The biggest flood in a decade has killed thousands of people and forced thousands more from their homes in rural Sudan.
The 29-year-old Butheyna Alhadi, standing amid the ruins of her family house in the farming community of Al Managil, said, "We've lost everything.
Five families resided here, and now that it has been completely demolished, we are homeless and have lost all we owned.
According to the UN, more than 150,000 people have been affected by flooding in Sudan so far this year, double the number at this point in the previous rainy season.
Approximately 50,000 dwellings have reportedly suffered damage, and 89 individuals have reportedly been killed.
The UN anticipates that by the conclusion of the rainy season, which generally lasts until September, at least 460,000 people would have been affected.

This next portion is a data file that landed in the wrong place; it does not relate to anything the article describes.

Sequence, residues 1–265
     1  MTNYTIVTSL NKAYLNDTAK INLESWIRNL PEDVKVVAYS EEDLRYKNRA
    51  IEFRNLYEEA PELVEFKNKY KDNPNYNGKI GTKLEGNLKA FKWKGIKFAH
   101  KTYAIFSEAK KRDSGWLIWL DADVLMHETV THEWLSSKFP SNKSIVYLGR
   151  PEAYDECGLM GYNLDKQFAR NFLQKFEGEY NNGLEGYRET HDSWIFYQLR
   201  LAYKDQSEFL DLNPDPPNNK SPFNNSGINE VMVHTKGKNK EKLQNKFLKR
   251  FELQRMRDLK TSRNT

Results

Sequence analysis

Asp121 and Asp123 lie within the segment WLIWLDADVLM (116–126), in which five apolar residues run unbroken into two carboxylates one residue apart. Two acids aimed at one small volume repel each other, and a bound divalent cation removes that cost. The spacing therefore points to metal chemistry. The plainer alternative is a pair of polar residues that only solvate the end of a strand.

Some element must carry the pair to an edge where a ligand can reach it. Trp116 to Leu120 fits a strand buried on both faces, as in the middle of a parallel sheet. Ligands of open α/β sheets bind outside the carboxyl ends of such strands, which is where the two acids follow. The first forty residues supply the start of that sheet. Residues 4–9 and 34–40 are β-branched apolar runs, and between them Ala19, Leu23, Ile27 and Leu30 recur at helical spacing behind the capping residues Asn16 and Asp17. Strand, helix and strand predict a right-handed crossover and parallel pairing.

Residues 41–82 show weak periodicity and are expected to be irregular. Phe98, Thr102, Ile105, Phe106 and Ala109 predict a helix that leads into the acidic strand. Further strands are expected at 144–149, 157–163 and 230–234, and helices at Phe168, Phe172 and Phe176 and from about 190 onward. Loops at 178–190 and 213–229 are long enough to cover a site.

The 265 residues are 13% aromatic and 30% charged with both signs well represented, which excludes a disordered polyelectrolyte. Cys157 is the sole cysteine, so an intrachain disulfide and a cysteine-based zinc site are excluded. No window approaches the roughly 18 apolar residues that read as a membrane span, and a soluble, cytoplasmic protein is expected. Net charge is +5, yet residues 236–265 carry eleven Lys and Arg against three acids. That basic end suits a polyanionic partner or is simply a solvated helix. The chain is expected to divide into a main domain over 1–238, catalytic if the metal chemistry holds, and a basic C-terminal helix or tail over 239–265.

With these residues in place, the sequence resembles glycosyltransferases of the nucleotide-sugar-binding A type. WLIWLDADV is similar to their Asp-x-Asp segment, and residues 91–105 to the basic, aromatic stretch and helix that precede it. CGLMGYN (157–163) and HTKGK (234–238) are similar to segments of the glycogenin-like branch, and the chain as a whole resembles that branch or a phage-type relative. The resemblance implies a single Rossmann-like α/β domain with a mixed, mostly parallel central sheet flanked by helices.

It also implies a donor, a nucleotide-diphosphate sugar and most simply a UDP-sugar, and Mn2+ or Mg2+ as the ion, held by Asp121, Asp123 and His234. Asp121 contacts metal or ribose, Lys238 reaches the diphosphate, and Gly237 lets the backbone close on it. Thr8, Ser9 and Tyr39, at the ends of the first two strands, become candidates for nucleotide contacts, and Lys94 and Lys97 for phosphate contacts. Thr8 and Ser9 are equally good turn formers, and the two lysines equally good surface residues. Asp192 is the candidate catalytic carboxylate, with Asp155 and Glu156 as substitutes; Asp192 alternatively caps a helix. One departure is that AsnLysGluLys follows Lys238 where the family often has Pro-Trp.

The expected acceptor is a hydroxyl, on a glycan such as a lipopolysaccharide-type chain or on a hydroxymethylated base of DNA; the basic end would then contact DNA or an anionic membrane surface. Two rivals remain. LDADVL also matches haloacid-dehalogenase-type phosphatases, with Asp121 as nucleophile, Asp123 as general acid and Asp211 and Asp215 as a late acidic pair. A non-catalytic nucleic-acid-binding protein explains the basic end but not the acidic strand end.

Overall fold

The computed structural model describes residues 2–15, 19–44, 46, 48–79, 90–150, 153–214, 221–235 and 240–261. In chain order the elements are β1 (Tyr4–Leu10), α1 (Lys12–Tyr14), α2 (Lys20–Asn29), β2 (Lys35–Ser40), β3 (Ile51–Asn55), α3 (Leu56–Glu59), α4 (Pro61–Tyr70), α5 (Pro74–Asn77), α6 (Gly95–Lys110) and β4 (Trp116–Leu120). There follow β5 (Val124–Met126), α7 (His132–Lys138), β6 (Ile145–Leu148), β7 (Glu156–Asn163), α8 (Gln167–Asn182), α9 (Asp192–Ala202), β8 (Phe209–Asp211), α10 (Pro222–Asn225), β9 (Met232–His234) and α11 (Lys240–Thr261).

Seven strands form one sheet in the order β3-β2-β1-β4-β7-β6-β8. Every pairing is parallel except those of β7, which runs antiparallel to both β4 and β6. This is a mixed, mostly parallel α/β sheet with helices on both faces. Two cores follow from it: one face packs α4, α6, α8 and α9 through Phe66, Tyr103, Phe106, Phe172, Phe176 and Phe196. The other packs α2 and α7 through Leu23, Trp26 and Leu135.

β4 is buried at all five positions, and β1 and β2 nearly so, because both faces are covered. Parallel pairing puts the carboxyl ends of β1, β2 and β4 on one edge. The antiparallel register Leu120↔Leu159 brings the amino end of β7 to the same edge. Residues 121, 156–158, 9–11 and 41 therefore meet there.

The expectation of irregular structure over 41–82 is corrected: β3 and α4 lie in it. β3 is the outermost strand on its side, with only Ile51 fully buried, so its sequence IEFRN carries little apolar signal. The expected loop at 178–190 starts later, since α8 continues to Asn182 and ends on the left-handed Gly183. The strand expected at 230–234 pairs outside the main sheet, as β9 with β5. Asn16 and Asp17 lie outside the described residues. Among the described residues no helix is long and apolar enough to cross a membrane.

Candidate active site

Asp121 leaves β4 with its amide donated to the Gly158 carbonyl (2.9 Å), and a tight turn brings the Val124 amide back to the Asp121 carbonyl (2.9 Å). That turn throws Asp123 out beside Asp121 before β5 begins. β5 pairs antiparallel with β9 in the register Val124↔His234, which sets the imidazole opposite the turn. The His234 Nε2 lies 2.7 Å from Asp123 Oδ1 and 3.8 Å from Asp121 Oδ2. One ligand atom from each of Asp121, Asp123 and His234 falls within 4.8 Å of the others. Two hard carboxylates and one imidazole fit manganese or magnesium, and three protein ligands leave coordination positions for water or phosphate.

Due to more intense rain and a lack of mitigating measures, the number is larger than in the majority of previous years.
A spokesman with the Sudanese Red Crescent, Jamal Mustafa, reported that over 100 communities had been cut off and 10,000 homes had collapsed or been damaged in Al Managil, which is located about 150 kilometers south of the capital Khartoum and is surrounded by overflowing irrigation ditches.
In impromptu camps, at least 3,000 individuals have looked for safety.
Residents complain that they have limited access to food and drinking water, and that in some areas, flooding two meters deep has cut off most means of aid.
Local leader Altayib Abdallah stated that "any relief, shelter, or transportation is happening through the local volunteer effort."
"The government hasn't provided any help,"
The government vowed to send assistance to Al Managil over the weekend, including ditch clearance, road repairs, and compensation.
Trucks delivering Qatari humanitarian goods and members of the paramilitary Rapid Support Forces were spotted waiting for the highways to open up.